Irene Henriette Oestrich

Keywords: social skills, self-esteem, schizophrenia, group therapy

Feeling good about oneself, often called self-esteem, is not a static structure, but rather a continuous process. Personal development has its basis in change and requires both basic and complex cognitive and emotional processes. The vulnerability related to effective social functioning often causes pain and prevents the development of a constructive social repertoire and consequently impacts the ongoing process of developing self-esteem.

Humans are not born with an intact social repertoire. The more we learn to effectively cope, with a broad range of social situations, the less incompetent and anxious we feel in those and related social situations. The development of coping strategies is influenced by both behavioral and thinking processes. Avoidance and safety-seeking behaviors are a hindrance to the development of social skills, problem solving, and competence inasmuch as the lack of social engagement leads to a deficit in social skills.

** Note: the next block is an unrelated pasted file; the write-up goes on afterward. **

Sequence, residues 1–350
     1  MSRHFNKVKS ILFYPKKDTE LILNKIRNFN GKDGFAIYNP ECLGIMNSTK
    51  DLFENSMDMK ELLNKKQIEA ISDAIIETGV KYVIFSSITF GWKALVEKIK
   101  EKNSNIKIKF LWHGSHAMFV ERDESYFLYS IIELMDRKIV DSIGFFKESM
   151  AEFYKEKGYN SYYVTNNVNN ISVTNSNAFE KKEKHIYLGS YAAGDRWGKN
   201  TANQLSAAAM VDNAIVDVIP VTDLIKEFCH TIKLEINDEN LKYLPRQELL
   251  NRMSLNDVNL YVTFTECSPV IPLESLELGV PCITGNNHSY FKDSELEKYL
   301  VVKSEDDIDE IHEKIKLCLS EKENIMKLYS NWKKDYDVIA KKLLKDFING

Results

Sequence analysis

Social competence is also connected to cognitions. In relationships with others, the personal meaning attached to those relationships and to the process of relating is especially important. Relationships are often influenced by strong emotional factors. The nuances in relationships are almost limitless and the meaning we connect to what happens in these relationships is important for the concept of self, how we interact in life, and to our self-esteem. The "healthy" mind develops an open, reflective, and experimental approach to life, which leads to and supports sound curiosity and an intact social repertoire.

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